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The  Tower   Building
Main  Entrance ~ North

From  1944 Grove Yearbook


Tennessee Trailings

History of Grove Tower is told


I happened to be in Commercial
Bank the other day, and saw on dis-
play the limited edition prints of the
drawings of historical sites in Paris,
being offered by the Paris Civitan
I was very impressed, and decid-
ed that since I had just done the ser-
vices on the early churches of the
county, I might try to look up a little history on the other buildings
shown on the prints.
One of the drawings was of the
Grove Tower building, and I knew
that Marly Ball had done an article
on that, so the following is a reprint
of hers.
This article was compiled and
mailed to The Post-Intelligencer by
Mr. F. Paschall Key. The photo is a
copy of an old postcard. (changed -ed.)
"Grove Tower's Design, Site
Inspire Admiration"
The Grove Tower building has a
lot going for it. One does not have
to be an expert to be struck with
instant admiration when looking at
it. Both the site and the design are
unmatched. It is one of a kind, and
there will never be another like it.
The chain of events leading up to
the dream and the building of the
school have been often recounted.
this article deals With the building
The man who was called upon to
design the building in 1906 was
Reuben Harrison Hunt (1862-1937)
of Chattanooga. He designed the
first brick Henry County courthouse. which was built in Tennessee's Centennial year, 1896. Hunt was 44 years of age when given the task.
He had already engaged in
in Chattanooga for 26 years,
starling at the age of 18 in 1880.
The Grove project came at about
the mid-point of his career, as he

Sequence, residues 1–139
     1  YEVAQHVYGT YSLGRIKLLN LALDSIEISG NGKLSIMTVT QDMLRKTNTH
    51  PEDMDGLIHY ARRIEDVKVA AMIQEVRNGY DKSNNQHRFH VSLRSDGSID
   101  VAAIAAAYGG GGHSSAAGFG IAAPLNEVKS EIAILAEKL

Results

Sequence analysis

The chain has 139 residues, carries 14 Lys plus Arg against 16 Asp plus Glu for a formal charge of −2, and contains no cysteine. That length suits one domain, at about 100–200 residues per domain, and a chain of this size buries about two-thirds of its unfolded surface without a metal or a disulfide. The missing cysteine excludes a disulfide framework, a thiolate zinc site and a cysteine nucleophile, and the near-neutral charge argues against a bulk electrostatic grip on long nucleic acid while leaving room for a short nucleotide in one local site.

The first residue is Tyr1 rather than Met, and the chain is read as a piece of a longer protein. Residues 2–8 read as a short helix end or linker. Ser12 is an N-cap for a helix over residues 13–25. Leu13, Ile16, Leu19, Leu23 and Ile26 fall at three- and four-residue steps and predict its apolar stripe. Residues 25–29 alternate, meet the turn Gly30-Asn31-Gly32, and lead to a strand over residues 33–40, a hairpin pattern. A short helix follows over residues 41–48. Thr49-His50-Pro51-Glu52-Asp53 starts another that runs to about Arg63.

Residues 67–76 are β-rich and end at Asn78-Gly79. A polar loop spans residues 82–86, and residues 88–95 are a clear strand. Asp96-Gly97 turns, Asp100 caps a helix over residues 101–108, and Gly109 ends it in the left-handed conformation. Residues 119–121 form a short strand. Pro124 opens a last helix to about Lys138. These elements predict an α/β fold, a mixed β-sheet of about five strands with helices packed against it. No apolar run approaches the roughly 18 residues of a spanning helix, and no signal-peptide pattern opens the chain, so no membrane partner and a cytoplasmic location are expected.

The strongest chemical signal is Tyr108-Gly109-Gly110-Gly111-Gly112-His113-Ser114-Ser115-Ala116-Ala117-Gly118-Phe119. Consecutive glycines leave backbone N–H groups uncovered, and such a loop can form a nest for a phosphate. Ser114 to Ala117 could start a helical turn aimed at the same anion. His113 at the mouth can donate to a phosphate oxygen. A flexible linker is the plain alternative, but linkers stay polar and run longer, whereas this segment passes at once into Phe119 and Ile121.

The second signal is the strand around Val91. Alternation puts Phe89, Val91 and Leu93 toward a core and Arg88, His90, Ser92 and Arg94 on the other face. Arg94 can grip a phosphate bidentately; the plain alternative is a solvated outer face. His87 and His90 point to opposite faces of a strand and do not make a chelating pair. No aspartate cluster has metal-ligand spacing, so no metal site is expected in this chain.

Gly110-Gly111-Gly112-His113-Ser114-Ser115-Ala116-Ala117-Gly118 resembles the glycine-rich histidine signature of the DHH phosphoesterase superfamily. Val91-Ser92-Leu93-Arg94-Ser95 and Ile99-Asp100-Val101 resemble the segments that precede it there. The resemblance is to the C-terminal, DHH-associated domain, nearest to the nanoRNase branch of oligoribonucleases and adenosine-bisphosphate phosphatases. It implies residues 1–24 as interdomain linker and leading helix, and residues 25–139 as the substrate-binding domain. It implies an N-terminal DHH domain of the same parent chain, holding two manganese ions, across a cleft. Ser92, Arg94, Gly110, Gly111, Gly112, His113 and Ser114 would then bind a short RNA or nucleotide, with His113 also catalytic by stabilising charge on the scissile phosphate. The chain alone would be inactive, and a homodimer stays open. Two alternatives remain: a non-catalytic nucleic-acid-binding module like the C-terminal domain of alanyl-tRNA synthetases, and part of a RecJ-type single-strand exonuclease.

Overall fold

was to put in a total of 57 years in
his field by the time of his death in
Hunt wisely chose to incorporate
a tower in his design. Any good
architect will tell you that it is easy
to design a building around a tower.
Many persons overlook it, but there
are actually two towers in the
To the west of the north porch is
a small multi-storied, hex-shaped
tower incorporated in the wall. It is
not a true lower because the eight
sides are not defined until it
extends through the roof, where it
is topped by a bell-shaped roof.
This little tower is a beauty, and
serves a real purpose, to admit
additional light and air into the
adjacent classrooms.
The main tower overshadows
the small tower, and everything
else about the building. It portrays
a sense of strength and stateliness
and lends elegance to what would
have been an austere building.
The northeast cone at the top of
the tower is the largest of the four.
One morning in 1936, students
coming up the hill noticed that this
cone had tilted dangerously toward
the south. As is always the case on
school grounds, when someone
begins looking up, pretty soon everyone is looking up. This problem
was brought to officials and soon
the tower was scaled and the cone
secured , in place.
Above the roof line, the tower
has arched windows, three on each
These windows definitely
define the style as Romanesque, a
style of architecture which developed in Italy. Builders there reached great mastery in this style by the year 1300. Above these windows is a small plain entablature whose purpose is to define the space occupied by the round "bulls
eye" windows. There are three of
these windows on each side.
Exploring the inside of the tower
is equally interesting. There is a
rough unfinished room in the basement. On the first floor is a room
that was used for the principal's office. In the second floor is a small
room used for Latin classes for two
We did not know it at the time,
but when we studied Latin under
Mr. Weston we were without a
doubt the only Latin classes in the
United Stales studying in a tower
of authentic Roman style. This little room was known as Browning Hall.
From the upper part of the tower, it is said that one could see the
Tennessee River. This could be
true, but it would have had to be a
very clear day, and might require
The north porch adds much to
the building. Its sturdy construction and beautiful iron railings give
a feeling of strength. The only
structural iron in the building are
the riveted iron beams supporting
the lintels on this porch. These
beams are truly antiques today, as
rivets have long been replaced with
Today, as stately as ever, the
Tower serves as offices for the
Henry County Board of Education.


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